Information asymmetry and small business in online auction market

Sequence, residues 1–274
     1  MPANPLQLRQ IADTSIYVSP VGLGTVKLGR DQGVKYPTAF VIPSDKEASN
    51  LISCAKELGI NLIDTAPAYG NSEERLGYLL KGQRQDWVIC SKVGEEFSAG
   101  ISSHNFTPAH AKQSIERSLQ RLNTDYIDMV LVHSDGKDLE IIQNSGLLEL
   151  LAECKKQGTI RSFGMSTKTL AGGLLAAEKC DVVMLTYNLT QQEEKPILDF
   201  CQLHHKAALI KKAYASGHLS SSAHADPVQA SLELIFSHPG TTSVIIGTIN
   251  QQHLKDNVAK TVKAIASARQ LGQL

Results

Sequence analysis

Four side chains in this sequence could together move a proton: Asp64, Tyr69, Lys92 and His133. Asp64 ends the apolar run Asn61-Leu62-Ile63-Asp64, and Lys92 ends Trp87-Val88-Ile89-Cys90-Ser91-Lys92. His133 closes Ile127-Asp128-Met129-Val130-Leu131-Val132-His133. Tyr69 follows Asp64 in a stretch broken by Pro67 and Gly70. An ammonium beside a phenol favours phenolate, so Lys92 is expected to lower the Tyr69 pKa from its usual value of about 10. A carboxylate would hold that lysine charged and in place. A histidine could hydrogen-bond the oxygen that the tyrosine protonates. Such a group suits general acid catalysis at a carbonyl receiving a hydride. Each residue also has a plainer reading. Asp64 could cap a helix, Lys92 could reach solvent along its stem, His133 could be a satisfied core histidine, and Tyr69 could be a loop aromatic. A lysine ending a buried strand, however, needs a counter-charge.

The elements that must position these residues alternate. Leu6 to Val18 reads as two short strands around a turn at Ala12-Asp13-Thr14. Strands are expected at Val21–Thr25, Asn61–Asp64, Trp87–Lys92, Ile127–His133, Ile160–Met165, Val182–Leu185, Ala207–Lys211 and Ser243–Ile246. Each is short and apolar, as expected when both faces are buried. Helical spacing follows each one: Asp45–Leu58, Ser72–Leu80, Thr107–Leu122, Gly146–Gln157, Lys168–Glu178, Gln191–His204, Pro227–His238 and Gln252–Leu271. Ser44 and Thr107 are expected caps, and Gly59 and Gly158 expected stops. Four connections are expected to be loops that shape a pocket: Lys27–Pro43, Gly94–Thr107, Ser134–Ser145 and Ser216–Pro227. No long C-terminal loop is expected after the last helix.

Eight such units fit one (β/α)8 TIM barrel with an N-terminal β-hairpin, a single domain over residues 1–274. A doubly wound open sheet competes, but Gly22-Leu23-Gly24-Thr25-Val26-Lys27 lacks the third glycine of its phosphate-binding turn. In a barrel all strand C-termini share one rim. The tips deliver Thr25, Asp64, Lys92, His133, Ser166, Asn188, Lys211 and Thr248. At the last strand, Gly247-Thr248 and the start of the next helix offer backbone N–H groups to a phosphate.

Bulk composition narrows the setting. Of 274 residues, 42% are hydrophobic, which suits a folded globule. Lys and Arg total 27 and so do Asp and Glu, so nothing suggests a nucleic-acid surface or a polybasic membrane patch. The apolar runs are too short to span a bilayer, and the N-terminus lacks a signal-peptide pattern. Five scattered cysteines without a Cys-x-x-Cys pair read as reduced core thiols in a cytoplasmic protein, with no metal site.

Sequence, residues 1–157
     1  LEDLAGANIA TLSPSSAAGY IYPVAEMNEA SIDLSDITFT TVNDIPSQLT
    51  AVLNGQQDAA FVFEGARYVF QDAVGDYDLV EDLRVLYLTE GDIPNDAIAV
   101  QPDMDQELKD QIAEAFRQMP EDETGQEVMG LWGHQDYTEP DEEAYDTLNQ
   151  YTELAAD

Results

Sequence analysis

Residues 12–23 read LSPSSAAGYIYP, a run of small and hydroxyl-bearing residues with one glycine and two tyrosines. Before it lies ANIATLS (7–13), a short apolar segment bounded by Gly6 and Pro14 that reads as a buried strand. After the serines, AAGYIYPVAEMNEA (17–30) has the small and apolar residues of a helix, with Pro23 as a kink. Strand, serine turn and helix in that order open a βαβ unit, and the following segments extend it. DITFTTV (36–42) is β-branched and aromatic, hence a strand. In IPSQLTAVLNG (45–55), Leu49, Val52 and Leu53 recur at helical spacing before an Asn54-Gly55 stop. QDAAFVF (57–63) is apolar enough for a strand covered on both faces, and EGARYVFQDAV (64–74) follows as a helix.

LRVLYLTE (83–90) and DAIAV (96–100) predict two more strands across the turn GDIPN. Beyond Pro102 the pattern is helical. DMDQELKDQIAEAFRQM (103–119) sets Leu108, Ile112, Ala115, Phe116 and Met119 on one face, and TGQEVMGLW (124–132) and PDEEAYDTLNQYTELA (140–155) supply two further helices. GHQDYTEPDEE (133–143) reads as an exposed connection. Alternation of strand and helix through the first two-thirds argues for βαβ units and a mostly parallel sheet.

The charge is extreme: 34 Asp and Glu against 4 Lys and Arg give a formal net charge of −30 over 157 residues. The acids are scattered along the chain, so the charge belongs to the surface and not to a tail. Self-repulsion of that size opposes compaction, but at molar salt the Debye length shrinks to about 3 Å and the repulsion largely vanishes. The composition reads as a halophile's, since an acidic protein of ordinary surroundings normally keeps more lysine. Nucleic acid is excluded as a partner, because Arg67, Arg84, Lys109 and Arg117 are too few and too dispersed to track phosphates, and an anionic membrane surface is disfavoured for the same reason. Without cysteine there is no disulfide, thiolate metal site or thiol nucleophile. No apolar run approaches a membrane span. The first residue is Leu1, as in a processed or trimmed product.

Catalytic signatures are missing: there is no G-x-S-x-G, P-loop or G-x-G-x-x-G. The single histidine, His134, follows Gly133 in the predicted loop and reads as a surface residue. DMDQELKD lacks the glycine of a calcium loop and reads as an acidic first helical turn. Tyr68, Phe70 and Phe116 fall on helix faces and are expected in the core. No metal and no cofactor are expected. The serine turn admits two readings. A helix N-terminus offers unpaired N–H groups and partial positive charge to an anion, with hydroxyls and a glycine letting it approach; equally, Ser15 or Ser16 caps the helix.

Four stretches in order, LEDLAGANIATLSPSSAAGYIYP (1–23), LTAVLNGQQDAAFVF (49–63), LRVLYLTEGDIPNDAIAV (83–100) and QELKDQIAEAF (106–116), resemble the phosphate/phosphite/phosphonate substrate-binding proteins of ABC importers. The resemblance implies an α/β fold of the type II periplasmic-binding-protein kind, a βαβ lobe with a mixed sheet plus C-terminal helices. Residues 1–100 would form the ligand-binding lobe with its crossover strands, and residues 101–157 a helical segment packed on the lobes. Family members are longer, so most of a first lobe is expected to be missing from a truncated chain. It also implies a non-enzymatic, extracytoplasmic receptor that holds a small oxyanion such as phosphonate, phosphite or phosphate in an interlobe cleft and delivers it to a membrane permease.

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<ul><li><p>Information asymmetry and small business in online auction marketAuthor(s): Chia-Hung Sun and Kang E. LiuSource: Small Business Economics, Vol. 34, No. 4 (May 2010), pp. 433-444Published by: SpringerStable URL: .Accessed: 15/06/2014 13:44</p><p>Your use of the JSTOR archive indicates your acceptance of the Terms &amp; Conditions of Use, available at .</p><p> .JSTOR is a not-for-profit service that helps scholars, researchers, and students discover, use, and build upon a wide range ofcontent in a trusted digital archive. We use information technology and tools to increase productivity and facilitate new formsof scholarship. For more information about JSTOR, please contact</p><p> .</p><p>Springer is collaborating with JSTOR to digitize, preserve and extend access to Small Business Economics.</p><p> </p><p>This content downloaded from on Sun, 15 Jun 2014 13:44:58 PMAll use subject to JSTOR Terms and Conditions</p><p></p></li><li><p>Small Bus Econ (2010) 34:433-444 DOI 10.1007/sl 1187-008-9160-8 </p><p>Information asymmetry and small business in online auction market </p><p>Chia-Hung Sun * Kang E. Liu </p><p>Accepted: 17 November 2008 / Published online: 6 January 2009 Springer Science+Business Media, LLC. 2008 </p><p>Abstract This paper explores how seller reputation affects auction prices using detailed Taiwanese data. Our empirical results show that returns to reputation are nonlinear and differ considerably across different reputation scores. Marginal returns to scores drop sharply after the first reputation quartile, indicating that building up sellers' reputation is extremely important, especially in the early stage. Our study reveals that the mechanism of seller reputations is effective in mitigating asymmetric information in online auctions. </p><p>Keywords Internet auction Buy it now </p><p>Spline regression Taiwan </p><p>JEL Classifications D8 D44 L26 L86 </p><p>1 Introduction </p><p>Small businesses and entrepreneurship are the most important parts of the industrial world, as shown in 2004 whereby more than 99% of all companies in the </p><p>C.-H. Sun (IS) K. E. Liu National Chung Cheng University, Min-Hsiung, Chia-Yi, Taiwan, ROC e-mail: ecdchs@ tw </p><p>USA were small businesses. Entrepreneurship has become a better option for people to increase income on their own and to improve their quality of life. Moreover, the changing economy (globalization, increased competition, and advanced computer tech- nology) fertilizes the business environment for entrepreneurs. The dramatic growth of Internet usage has especially changed consumers' purchasing behavior and hence has created enormous potential opportunities for entrepreneurs. </p><p>The rise of eBay and several other Internet auction sites provides channels for individuals and small businesses to trade goods at real-time market prices around the globe.1 With almost no setup costs, an Internet auction offers instant product exposure and global marketing for entrepreneurial sellers to achieve a great advantage over other marketing strategies. Despite growing at an impressive pace, the increase in Internet scams should come as no surprise. According to Internet Fraud Watch's 2006 report, Internet scams of online auctions (mainly goods never delivered or misrepresented) ranked at the top of overall com- plaints, accounting for 34% of total complaints, and the average loss was US $1,3 3 1.2 </p><p>1 For instance, one online auction site ( is the primary source of income for more than 17,000 Australians, according to The Australian newspaper (March 17, 2007). </p><p>Internet Fraud Watch's website: intset.htm. </p><p> Springer </p><p>This content downloaded from on Sun, 15 Jun 2014 13:44:58 PMAll use subject to JSTOR Terms and Conditions</p><p></p></li><li><p>434 C.-H. Sun, K. E. Liu </p><p>When bidders cannot personally inspect an item's </p><p>quality before bidding in an online auction, low- </p><p>quality and cheaper products (or lemons) may drive </p><p>high-quality products out of markets (Akerlof 1970). Such asymmetric information commonly occurs in used car markets, online auction markets, labor markets (Spence 1973; Harris and Holmstrom 1982), insurance markets (Rothschild and Stiglitz 1976), and credit markets (Jaffee and Russell 1976; Stiglitz and Weiss 198 1).3 To alleviate this informa- tion asymmetry problem, online auction sites (such as </p><p>eBay and Yahoo! Auction) adopt the feedback mechanism of self-enforcement, using the seller </p><p>reputation measured by the number of ratings posted by bidders. How these publicly available com- ments - that is, seller reputation scores - mitigate asymmetric information has become an interesting empirical issue to study. </p><p>A growing number of studies have examined the </p><p>relationship between seller characteristics and auction </p><p>prices in recent economic literature, many of which focus on how seller reputation influences prices when </p><p>asymmetric information exists (McDonald and Slawson 2002; Bajari and Hortacsu 2003; Durham et al. 2004; Dewan and Hsu 2004; Melnik and Aim 2002, 2005). The empirical results, unsurprisingly, support the idea that higher seller reputations increase auction prices, using American Online auction data mostly drawn from eBay. Earlier studies typically assume a linear (or log-linear) relationship between auction prices and seller reputations, leading to a surprisingly small effect on prices. This assumption may be misleading if seller reputations are widely dispersed, as shown in </p><p>Fig. 1; for example, McDonald and Slawson (2002) show that an additional score in reputation increases the price by US $0.04 (for a collector-quality Harley- Davidson Barbie with a mean price of US $263.21), though the returns are likely to become smaller for a </p><p>high-reputation seller. </p><p>Using Taiwanese data from Yahoo! Kimo, this </p><p>study contributes to the literature in the following ways. First, as suggested by Livingston (2005), our </p><p>study incorporates a nonlinear specification of seller </p><p>reputations into the models by dividing seller </p><p>Fig. 1 Scatter plots between scores and auction prices </p><p>reputations into five categories, based on the number of scores. Second, although earlier studies indicate that the influence of the first few positive scores is much greater than that of the later scores (Livingston 2005; Houser and Wooders 2006), no studies analyze the extent of the difference between them. This study applies spline regression, which empirically shows that the returns to reputation differ considerably across different levels of reputation scores. In other words, rather than providing the mean impact of seller reputation on prices in the existing literature, this study offers estimates of the returns to initial reputation scores. Another important feature of this </p><p>study is the division of sample data, which will </p><p>strengthen the findings of the current study, rather than remove buy-it-now (BIN) auctions from the sample, as in previous studies (for example, Anwar et al. 2006; Snir 2006).4 </p><p>The rest of the paper is organized as follows. Section 2 outlines the empirical models and variable descriptions. Section 3 describes data sources. Sec- tion 4 presents the estimation results of the least- squares and spline regressions. Section 5 summarizes the findings and concludes. </p><p>3 Unlike online auction markets, it is difficult to measure sellers' reputation qualitatively, and costly to estimate its impact on prices for financial and commodity markets; for example, insurance and credit markets. </p><p>4 The "buy-it-now" price at eBay also refers to the "buy price" option at Yahoo! Auction or the "take-it-price" at Amazon. Although these terms can be interpreted synony- mously, the function of these options may differ slightly. The BIN price disappears after the first bid is placed at eBay, whereas bidding does not eliminate the BIN price at Yahoo! Kimo. </p><p> Springer </p><p>This content downloaded from on Sun, 15 Jun 2014 13:44:58 PMAll use subject to JSTOR Terms and Conditions</p><p></p></li><li><p>Information asymmetry and small business in online auction market 435 </p><p>2 Econometric analysis </p><p>To examine the determinants of prices in online auctions, the existing literature utilizes various approaches. Empirical studies that include least- squares regression in the analyses include those of Standifird (2001), Ba and Pavlou (2002), Eaton (2002), Bajari and Hortacsu (2003), Durham et al. (2004), Dewan and Hsu (2004), Lucking-Reiley et al. (2007), Dewally and Ederington (2006), and Andrews and Benzing (2007).5 </p><p>Basic intuition suggests that, if an auction attracts a higher number of bids or a seller has a better reputation, then there should be an increase in auction prices. It is possible to test for these effects using the following regression: </p><p>PRICE,- = a0 + </p></li><li><p>436 C.-H. Sun, K. E. Liu </p><p>Table 1 Summary statistics for online auctions (iPod Shuffle) </p><p>Variable N Mean Median Min. Max. </p><p>PRICE (NT $) 466 2,796.4 2,810 2,050 3,650 BIDS 466 7.2 2 1 69 </p><p>OPENBID(NT$) 466 2,100.4 2,500 1 3,600 OPENBIDONE 66 1 1 11 </p><p>OPENBID (&gt;NT $1) 400 2,446.8 2,500 60 3,600 VOLUME 466 6.5 7 1 11 DURATION 466 6.3 7 1 10 </p><p>Mean Std. dev. Median Min. Max. </p><p>Beginner# (N = 10) First quartile (N = 112) </p><p>SCORE 6.35 4.31 6 1 14 NEGSCORE 0.05 0.22 0 0 1 </p><p>Second quartile (N = 116) SCORE 26.16 8.20 25 15 41 NEGSCORE 0.27 0.66 0 0 4 </p><p>Third quartile (N = 113) SCORE 79.92 22.21 73 42 115 NEGSCORE 0.40 1.10 0 0 9 </p><p>Fourth quartile (N = 115) SCORE 464.94 751.72 207 116 4,982 NEGSCORE 1.15 2.99 0 0 28 </p><p>All observations (N = 466) SCORE 141.08 416.82 41 0 4,982 NEGSCORE 0.46 1.67 0 0 28 </p><p>Variable N Mean </p><p>Bids Price (NT $) </p><p>OPENBID OPENBID = NT $1 66 29.3 2,807 OPENBID &gt; NT $1 400 3.6 2,795 </p><p>BONUS 1 40 7.3 2,942 0 426 7.2 2,783 </p><p>BIN 1 208 3.1 2,894 0 258 10.5 2,718 </p><p>MONTH October 144 7.4 2,772 November 156 6.4 2,803 December 166 7.4 2,812 </p><p>DURATION (days) 1 60 2.0 2,806 2 38 3.6 2,811 3 30 9.5 2,808 </p><p>} Springer </p><p>This content downloaded from on Sun, 15 Jun 2014 13:44:58 PMAll use subject to JSTOR Terms and Conditions</p><p></p></li><li><p>Information asymmetry and small business in online auction market 437 </p><p>Table 1 continued </p><p>Variable N Mean </p><p>Bids Price (NT $) </p><p>4 31 12.2 2,864 5 33 5.8 2,874 6 30 7.3 2,836 7 48 9.9 2,769 8 22 4.1 2,785 9 23 7.7 2,846 10 151 8.5 2,770 </p><p>WEEKEND 1 109 7.8 2,788 0 357 6.8 2,802 </p><p>Bidding type N OPENBIDONE OPENBID &gt; NT $1 Mean </p><p>OPENBID (NT $) BIDS PRICE (NT $) </p><p>BT! 73 0 73 2,610 1.0 2,716 BT2 61 1 60 2,505 1.0 2,928 BT3 95 0 95 2,822 1.0 2,869 BT4 185 49 136 1,601 14.2 2,718 BT5 52 16 36 1,370 9.3 2,901 </p><p>respectively. Seller reputation is not directly obser- vable, but it can be measured by the number of positive (or negative) scores posted by bidders. The mean positive score for all sellers is 141.53, in contrast to a small mean negative score of 0.46. There are 66 auctions with a starting bid of NT $1, and they receive an average of 29.3 bids per auction, contrast- ing with the remaining 400 auctions with an average of 3.6 bids per auction. The mean score ranges from 6.35 in the first quartile to 464.94 in the fourth quartile, and the average negative score is very small, although it increases slightly from 0.05 to 1.15. Unlike many electronic goods, the mean price for an iPod Shuffle does not fall during the sample period. </p><p>Another increasingly popular feature of online auctions offered by eBay and other online auction sites is called "buy it now."8 It allows buyers to end </p><p>the auction early at a predetermined price, and people who are impatient or risk averse may find this function beneficial. The average price of auctions ended with BIN is NT $2,894, which is relatively higher than non-BIN auctions by roughly 6.5% or NT $176, and the impact of BIN persists for the following bidding types: BT2, BT3, and BT5. How- ever, BT4 has the highest average bids of 14.2 per auction, but its mean price is reported to be the second lowest at NT $2,718. Figure 2 shows scatter- plots between scores and auction prices by bidding types, illuminating some of the factors of interest in studying these online auctions. Finally, auctions ending during the weekend draw more bids than weekdays, and auctions ending on day four have the highest average bids of 12.2 and a price of NT $2,864. </p><p>8 The theoretical explanations of BIN' s impact on an auction price from the viewpoint of sellers have been analyzed by Budish and Takeyama (2001), Mathews (2004), and Reynolds and Wooders (2009). For instance, Budish and Takeyama (2001) explain that, when bidders are risk averse, an optimally set BIN price can raise the expected profits of the seller. Our </p><p>Footnote 8 continued empirical examination does not include the risk attitude of bidders as a variable in the regression, because risk measure- ment is unavailable from the online auction sites. </p><p> Springer </p><p>This content downloaded from on Sun, 15 Jun 2014 13:44:58 PMAll use subject to JSTOR Terms and Conditions</p><p></p></li><li><p>438 C.-H. Sun, K. E. Liu </p><p>Fig. 2 Scatter plots between scores and auction prices by bidding types </p><p>4 Empirical results </p><p>Table 2 reports the empirical results of the estimation of equation (1). Parameter estimates of SCORE are positive and statistically significant at the 5% level in models 1-2. Our finding that reputation is positively related to prices is consistent with the existing literature. In line with Ba and Pavlou (2002) and Bajari and Hortacsu (2003), NEGSCORE (or NEG- ATIVE) does not produce any significantly negative impact on auction prices.9 The insignificant coeffi- cients of NEGSCORE indicate that bidders do not penalize sellers with a few negative feedbacks. Two possible explanations are offered. First, the fear of retaliation tends to reduce the frequency of negative comments, leading to the insignificant impact of NEGSCORE. Second, if a seller has received several negative feedbacks, then there is an incentive for the seller to obtain a new account to continue the online auction business. As a result, the number of negative scores recorded in the dataset may not truly reflect the overall sellers' negative reputation. </p><p>The estimates for the coefficients of BIDS, OPENBID, and OPENBIDONE are positive and statistically significant at the 1% level, suggesting that auctions with a higher opening bid generate higher auction prices. The effects of MONTH and WEEKEND on prices are insignificant. As expected, the number of quantity supplied, VOLUME, nega- tively impacts auction prices, which is consistent with fundamental economic principles, that is, large sup- ply lowers prices. Finally,...</p></li></ul>